By Film Noir Blonde and Mike Wilmington
The Hollywood Heritage Museum and the Hollywood Foreign Press Association will present on Wednesday, April 12: An Evening at the Barn – “Gentleman’s Agreement”: Hollywood’s Stand Against Anti-Semitism.
Directed by Elia Kazan and starring Gregory Peck and Dorothy McGuire, “Gentleman’s Agreement” was a critical and box-office hit. The film was nominated for eight Academy Awards and was named Best Picture of 1947, additionally winning Oscars for Best Supporting Actress for Celeste Holm and Best Director for Kazan.
Few critics would rank it that high today – it’s perhaps too much a message picture. That said, many of its performances are vastly underrated.
For Peck, it was one of his most curious, controversial movie roles: a New York City magazine writer named Philip Schuyler Green, who (at first reluctantly) takes on the assignment of writing an exposé of contemporary American anti-Semitism.
Phil decides to personalize the piece by posing as a Jewish man and recording how he’s treated or mistreated in the posh sections of Manhattan, Darien, Conn., and elsewhere – places that usually welcome him, or anyone else who looks like Gregory Peck, with open arms.
Peck’s Phil, who renames himself Phil Greenberg, gets more than he bargained for, from restaurateurs, real-estate agents, hotels, and from his increasingly skittish girlfriend, Kathy Lacy (McGuire) and her parents and friends.
Meanwhile, with the House Un-American Activities Committee (HUAC) operating in high gear, the postwar movie audience got a lesson in tolerance of unusual candor – from a first-class director (Kazan), Laura Z. Hobson’s highly acclaimed and best-selling source novel, a brilliant screenwriter (Moss Hart) and top actors (including Holm, Albert Dekker, Anne Revere, Dean Stockwell, June Havoc and Jane Wyatt.)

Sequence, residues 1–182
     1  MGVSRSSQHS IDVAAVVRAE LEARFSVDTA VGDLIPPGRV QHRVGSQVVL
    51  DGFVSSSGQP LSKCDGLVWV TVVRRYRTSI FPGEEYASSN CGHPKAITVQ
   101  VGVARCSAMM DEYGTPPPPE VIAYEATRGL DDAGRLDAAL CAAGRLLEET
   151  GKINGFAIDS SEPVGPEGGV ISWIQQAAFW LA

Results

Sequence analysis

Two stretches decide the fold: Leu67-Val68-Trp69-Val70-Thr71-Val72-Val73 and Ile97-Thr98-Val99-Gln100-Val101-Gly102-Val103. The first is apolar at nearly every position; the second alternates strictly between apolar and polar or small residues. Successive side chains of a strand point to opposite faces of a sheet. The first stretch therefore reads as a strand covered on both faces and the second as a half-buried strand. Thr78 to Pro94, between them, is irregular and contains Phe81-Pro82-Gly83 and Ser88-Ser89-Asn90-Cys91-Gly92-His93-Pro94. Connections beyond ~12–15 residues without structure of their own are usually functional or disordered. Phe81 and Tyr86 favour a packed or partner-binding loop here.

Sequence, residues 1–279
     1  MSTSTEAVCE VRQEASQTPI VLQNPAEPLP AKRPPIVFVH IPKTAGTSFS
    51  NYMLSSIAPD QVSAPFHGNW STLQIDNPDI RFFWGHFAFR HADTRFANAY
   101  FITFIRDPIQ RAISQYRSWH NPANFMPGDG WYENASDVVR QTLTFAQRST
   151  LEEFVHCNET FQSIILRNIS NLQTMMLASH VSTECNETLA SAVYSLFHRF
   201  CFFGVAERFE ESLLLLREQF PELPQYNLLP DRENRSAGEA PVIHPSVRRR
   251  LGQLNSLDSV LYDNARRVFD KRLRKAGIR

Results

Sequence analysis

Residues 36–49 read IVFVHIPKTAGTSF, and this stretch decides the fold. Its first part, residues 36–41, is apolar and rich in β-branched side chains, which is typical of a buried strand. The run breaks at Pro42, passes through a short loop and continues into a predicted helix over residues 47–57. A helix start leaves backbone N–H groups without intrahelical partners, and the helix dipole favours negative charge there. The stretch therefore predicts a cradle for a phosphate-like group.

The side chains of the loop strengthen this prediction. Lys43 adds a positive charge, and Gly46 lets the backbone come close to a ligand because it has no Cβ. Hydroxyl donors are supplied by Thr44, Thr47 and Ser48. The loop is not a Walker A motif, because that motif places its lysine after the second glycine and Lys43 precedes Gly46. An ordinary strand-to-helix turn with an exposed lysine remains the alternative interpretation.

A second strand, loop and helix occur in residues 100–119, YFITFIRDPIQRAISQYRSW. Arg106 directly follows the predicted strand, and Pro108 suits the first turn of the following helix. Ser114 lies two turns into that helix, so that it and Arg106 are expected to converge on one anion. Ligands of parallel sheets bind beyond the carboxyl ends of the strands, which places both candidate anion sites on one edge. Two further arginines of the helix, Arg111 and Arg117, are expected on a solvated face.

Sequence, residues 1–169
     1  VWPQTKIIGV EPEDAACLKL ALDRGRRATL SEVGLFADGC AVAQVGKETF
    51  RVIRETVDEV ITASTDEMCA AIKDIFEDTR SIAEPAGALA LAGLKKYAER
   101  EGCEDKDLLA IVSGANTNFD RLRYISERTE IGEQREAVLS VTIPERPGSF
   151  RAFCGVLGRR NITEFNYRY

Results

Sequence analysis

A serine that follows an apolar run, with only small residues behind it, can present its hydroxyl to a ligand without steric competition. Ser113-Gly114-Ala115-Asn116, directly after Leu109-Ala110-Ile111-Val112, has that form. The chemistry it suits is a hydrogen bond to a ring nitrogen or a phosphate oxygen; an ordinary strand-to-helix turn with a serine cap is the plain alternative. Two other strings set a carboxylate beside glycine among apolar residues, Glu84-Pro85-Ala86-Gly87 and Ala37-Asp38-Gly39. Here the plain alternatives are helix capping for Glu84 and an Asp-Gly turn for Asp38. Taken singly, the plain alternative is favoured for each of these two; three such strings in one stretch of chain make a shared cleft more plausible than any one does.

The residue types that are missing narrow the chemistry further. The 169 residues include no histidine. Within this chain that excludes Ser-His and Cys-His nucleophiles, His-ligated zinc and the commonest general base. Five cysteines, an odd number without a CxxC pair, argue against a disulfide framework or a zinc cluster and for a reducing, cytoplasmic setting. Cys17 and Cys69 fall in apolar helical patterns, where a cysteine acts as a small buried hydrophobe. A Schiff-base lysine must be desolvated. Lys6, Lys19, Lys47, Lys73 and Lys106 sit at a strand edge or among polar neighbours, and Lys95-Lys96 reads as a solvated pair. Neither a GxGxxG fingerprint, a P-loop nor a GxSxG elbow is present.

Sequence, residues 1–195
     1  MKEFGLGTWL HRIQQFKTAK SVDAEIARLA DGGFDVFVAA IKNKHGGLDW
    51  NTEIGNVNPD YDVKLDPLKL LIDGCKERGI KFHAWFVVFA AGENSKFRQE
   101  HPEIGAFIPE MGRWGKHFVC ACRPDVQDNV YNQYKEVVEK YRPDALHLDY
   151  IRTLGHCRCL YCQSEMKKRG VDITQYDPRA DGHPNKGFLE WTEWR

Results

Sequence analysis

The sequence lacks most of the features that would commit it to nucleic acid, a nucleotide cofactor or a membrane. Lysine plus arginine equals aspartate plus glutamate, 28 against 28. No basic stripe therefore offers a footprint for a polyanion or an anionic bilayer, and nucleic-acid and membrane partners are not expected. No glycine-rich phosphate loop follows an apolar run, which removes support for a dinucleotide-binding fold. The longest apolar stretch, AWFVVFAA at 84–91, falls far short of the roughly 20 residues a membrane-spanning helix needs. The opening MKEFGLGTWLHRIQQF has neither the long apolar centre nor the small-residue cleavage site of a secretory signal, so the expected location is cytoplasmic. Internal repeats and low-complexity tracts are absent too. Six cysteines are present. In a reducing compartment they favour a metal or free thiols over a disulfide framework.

Stealing every scene he’s in, is a bona-fide New York Jewish actor, John Garfield, who begged to do the film and gives a powerhouse performance. Peck, McGuire, Revere and Hart received Oscar noms, as did Harmon Jones for editing.
Ironically, though many of the 1947 Hollywood moguls were themselves Jewish, they all shied away from the project. It took the 20th Century Fox head Darryl F. Zanuck (a Gentile) to get “Gentleman’s Agreement” on the screen.
(And it should be noted: in 1952, Kazan gave HUAC the names of eight actors who had been members with him of a Communist Party unit in the Group Theatre.)
At Wednesday’s event, film historian Claudine Stevens will discuss the book and the movie, with clips, and Cecilia Peck, daughter of Gregory Peck, will talk about her father and his part in the film.
Reserve your tickets now for this special event, which will take place in the historic Lasky-DeMille Barn. Free parking is available in Hollywood Bowl Lot D, which is directly adjacent to the museum.